Calcineurin signaling in Saccharomyces cerevisiae: how yeast go crazy in response to stress

Biochem Biophys Res Commun. 2003 Nov 28;311(4):1143-50. doi: 10.1016/s0006-291x(03)01552-3.

Abstract

In the yeast Saccharomyces cerevisiae, Ca(2+) signaling mediated by the Ca(2+)/calmodulin dependent phosphatase, calcineurin, is required for survival during environmental stress. One role of the phosphatase under these conditions is to activate gene expression through its regulation of the Crz1p ("crazy") transcription factor. Calcineurin dephosphorylates Crz1p and causes its rapid translocation from the cytosol to the nucleus. Crz1p then activates the transcription of genes whose products promote cell survival. Recent studies concerning the regulation of Crz1p by calcineurin are discussed in this review and the mechanisms by which calcineurin controls gene expression in yeast and mammalian cells are compared.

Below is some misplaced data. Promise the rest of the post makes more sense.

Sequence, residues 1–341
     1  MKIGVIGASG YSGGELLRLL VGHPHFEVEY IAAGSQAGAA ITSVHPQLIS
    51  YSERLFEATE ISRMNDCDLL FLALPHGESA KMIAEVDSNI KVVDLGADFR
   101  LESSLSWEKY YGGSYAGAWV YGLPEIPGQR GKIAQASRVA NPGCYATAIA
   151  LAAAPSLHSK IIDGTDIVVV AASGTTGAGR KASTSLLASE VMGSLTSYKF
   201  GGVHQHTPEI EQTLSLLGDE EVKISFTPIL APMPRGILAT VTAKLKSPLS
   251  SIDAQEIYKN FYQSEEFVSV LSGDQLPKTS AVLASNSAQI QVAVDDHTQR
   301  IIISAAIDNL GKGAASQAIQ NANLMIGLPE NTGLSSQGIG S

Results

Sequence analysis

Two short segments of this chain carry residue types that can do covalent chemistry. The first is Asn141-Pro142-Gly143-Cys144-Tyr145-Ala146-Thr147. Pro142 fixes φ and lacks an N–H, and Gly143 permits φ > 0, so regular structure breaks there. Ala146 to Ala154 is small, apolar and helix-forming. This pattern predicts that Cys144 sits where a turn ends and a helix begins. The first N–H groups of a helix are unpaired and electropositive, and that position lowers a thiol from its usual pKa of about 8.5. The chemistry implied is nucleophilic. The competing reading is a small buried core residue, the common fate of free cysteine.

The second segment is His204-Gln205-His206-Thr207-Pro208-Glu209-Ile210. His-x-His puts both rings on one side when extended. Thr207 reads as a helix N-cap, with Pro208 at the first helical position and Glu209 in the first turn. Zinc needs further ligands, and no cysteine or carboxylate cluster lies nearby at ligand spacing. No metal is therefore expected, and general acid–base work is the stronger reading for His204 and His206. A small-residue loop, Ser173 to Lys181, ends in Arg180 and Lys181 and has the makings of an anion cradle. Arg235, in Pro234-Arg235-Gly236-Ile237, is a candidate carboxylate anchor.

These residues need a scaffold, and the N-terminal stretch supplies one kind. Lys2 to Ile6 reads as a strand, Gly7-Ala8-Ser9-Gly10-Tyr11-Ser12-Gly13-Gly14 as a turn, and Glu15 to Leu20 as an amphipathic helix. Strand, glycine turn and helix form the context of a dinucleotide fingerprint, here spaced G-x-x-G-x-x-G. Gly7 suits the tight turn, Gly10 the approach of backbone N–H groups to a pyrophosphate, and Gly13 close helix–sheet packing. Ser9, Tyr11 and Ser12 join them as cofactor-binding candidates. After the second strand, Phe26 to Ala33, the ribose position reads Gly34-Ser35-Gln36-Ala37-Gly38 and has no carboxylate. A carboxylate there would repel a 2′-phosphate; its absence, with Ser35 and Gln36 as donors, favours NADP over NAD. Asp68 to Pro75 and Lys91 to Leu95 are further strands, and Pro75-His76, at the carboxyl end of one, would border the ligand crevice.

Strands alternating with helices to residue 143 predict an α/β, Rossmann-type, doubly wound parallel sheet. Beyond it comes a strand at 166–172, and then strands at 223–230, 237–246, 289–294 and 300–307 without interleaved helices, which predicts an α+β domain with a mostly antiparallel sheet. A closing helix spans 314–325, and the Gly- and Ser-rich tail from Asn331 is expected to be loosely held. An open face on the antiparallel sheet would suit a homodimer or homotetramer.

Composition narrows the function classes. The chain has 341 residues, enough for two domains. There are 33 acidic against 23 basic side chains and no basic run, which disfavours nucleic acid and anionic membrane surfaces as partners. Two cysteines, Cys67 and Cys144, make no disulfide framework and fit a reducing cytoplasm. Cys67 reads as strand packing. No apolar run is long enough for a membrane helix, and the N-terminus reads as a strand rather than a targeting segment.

Publication types

  • Review

MeSH terms

  • Calcineurin / metabolism*
  • Calcium Signaling*
  • DNA-Binding Proteins
  • Gene Expression Regulation, Fungal*
  • Saccharomyces cerevisiae / genetics*
  • Saccharomyces cerevisiae / metabolism*
  • Saccharomyces cerevisiae Proteins*
  • Trans-Activators / genetics
  • Trans-Activators / metabolism*
  • Transcription Factors
  • Transcriptional Activation

Substances

  • CRZ1 protein, S cerevisiae
  • DNA-Binding Proteins
  • Saccharomyces cerevisiae Proteins
  • Trans-Activators
  • Transcription Factors
  • Calcineurin